Among the many ways in which he influenced the course of Anglican spirituality, Dr. Pusey was one of the foremost advocates for a return to a doctrine of the Real Presence of Christ in the Eucharist (I recently published a blog post on the same). An indication of both the effectiveness of his preaching and the opposition he faced on this issue in 19th century England is the fact that he was barred from the pulpit for two years after preaching what the leadership of Oxford University considered to be a dangerous and erroneous sermon, "The Holy Eucharist, a Comfort to the Penitent". The following excerpt is from another of his sermons on the subject of the Holy Communion.
The Holy Supper is not a gazing up into heaven after Christ. No thoughts of Christ, however holy; no longings after Him, however sanctified; no wish to be with Him, however purified; no thoughts on His cross and Passion and Precious Death, however devout; no devotion of self to Him; no acknowledgment of Him as our Priest, Prophet, King, and God; no setting Him up in our hearts as (with the Father and the Holy Ghost) the One Object of our love; no reliance upon Him as the only Anchor of our soul, however real, comes up to the truth. We ought to meditate on Him, long for Him, desire to be with Him, rely on Him, devote ourselves to Him; pledge ourselves to obey Him, and do what we have pledged. We should look for His coming, avow Him, be ready in all things, in suffering as in joy, to be partakers with Him, partakers of His Cross, and Death, and Burial. All this we should be at all times, but all this does not make us yet partakers of Him, for man cannot make himself a partaker of Him; He must give Himself. As He gave Himself to the Death upon the Cross for our sins, so in the Holy Eucharist must He, if we are to be partakers of Him, give Himself to us. We have of Him only what He giveth. All Christian graces, although His work, are but messengers to prepare the way before Him. Hope but putteth us in that expectant, longing state which He rewardeth; Faith but openeth the door to receive Him; Love or Charity but cleanseth the chamber of our hearts, which He is to inhabit; Repentance but breaketh the heart, and maketh it that contrite or broken spirit, wherein it pleaseth Him to dwell, but all this is not yet He. He, "the Bread of Life which came down from heaven" must come down also into our hearts, if we are to be partakers of Him. The Communion is not a mere going up of our hearts to Christ, but a coming down of Him to us.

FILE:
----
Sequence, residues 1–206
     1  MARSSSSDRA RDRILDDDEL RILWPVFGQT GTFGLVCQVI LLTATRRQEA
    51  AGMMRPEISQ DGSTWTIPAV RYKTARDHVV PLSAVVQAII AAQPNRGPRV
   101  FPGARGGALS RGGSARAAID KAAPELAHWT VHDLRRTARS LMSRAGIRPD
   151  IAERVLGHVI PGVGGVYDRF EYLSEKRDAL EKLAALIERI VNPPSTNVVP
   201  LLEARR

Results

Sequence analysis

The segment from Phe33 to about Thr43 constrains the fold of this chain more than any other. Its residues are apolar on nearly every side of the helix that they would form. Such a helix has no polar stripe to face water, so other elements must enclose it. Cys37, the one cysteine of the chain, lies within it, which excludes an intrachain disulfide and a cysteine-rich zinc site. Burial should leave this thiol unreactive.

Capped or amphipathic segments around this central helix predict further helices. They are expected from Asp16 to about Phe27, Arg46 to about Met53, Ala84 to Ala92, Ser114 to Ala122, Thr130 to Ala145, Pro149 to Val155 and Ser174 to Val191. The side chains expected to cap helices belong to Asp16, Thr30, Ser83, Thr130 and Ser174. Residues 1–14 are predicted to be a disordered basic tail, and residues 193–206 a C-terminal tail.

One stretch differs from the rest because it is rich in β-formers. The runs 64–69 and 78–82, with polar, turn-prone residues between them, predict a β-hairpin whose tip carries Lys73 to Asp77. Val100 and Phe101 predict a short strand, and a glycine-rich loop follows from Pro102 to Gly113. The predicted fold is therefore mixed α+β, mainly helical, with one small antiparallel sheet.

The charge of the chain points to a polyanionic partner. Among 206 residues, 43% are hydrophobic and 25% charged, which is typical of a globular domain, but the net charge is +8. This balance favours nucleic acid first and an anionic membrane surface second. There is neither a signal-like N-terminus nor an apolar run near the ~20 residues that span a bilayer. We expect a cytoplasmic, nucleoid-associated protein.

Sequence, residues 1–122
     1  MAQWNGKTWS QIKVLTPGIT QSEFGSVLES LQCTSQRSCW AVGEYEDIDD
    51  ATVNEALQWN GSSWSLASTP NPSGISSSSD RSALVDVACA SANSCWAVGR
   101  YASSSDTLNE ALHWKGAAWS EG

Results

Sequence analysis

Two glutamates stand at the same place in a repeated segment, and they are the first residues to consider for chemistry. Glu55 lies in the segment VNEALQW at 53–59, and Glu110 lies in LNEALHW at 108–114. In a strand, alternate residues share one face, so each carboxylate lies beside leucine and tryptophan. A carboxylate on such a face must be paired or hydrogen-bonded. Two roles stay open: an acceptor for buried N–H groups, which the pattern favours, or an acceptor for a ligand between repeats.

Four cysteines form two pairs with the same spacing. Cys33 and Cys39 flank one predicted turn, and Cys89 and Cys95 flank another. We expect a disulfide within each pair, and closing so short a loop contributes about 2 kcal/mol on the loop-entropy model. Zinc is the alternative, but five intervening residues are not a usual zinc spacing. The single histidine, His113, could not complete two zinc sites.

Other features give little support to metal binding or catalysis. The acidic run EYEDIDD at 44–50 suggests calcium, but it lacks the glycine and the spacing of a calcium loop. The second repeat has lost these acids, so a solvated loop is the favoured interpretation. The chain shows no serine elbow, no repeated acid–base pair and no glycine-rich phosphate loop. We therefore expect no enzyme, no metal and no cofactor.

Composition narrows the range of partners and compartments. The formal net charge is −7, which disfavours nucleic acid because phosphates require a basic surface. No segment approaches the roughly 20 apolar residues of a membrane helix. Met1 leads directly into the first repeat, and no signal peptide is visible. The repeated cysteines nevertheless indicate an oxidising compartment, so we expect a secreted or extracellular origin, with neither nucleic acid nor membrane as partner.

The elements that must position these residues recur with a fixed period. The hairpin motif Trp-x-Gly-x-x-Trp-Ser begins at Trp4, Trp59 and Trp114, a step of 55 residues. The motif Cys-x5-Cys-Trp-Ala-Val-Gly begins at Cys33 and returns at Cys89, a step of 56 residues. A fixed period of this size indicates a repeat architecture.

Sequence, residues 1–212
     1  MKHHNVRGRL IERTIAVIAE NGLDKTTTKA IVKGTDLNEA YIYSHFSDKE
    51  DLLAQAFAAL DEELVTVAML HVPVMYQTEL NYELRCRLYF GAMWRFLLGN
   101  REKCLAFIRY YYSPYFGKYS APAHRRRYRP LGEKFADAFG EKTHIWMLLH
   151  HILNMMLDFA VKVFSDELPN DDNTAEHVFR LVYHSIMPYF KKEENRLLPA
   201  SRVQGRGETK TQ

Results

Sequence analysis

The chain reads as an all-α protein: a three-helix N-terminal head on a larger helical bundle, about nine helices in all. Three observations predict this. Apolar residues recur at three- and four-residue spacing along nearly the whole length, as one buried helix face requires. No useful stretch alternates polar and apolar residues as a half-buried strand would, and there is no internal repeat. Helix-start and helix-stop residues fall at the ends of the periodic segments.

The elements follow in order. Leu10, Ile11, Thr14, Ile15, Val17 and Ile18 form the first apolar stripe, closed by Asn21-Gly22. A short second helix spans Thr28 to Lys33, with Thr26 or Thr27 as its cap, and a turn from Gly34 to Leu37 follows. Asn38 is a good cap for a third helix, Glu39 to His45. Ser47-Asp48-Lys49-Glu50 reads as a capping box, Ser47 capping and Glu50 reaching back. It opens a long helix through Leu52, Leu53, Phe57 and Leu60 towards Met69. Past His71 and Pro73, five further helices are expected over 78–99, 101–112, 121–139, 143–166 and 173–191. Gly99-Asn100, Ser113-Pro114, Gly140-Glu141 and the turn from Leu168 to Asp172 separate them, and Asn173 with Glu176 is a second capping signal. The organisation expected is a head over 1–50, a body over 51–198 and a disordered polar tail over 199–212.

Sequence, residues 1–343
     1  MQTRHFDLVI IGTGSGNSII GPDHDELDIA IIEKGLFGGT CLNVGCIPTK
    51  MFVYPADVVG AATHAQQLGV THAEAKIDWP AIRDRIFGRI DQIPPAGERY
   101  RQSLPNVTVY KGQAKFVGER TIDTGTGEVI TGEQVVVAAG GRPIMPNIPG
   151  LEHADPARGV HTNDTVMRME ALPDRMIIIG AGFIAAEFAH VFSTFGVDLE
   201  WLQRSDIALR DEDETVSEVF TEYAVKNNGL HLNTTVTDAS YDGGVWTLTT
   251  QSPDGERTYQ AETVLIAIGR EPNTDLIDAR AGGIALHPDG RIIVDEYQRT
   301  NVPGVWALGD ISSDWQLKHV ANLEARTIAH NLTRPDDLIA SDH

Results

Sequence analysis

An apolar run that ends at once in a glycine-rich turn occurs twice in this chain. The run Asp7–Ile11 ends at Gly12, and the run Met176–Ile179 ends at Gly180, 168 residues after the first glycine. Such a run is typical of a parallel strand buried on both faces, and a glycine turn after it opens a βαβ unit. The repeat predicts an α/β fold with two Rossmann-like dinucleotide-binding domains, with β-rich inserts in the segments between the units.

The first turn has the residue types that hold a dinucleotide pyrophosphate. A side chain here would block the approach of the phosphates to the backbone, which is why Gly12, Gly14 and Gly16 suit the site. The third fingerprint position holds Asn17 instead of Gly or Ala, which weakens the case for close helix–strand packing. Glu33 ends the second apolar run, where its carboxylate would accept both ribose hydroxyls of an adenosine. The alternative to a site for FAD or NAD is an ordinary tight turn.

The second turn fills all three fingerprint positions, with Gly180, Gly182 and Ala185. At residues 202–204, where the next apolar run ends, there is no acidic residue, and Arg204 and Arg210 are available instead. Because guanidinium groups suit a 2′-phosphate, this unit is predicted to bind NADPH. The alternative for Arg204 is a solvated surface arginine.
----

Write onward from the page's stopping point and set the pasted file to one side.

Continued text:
E. B. Pusey, Parochial Sermons, volume III